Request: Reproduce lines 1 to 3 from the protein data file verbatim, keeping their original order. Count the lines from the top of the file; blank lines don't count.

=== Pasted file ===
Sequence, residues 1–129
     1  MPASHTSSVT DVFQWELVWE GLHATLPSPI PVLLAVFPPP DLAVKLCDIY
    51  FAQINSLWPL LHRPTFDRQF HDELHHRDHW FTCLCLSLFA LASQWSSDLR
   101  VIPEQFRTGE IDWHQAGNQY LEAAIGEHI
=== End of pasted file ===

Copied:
Sequence, residues 1–129
     1  MPASHTSSVT DVFQWELVWE GLHATLPSPI PVLLAVFPPP DLAVKLCDIY
    51  FAQINSLWPL LHRPTFDRQF HDELHHRDHW FTCLCLSLFA LASQWSSDLR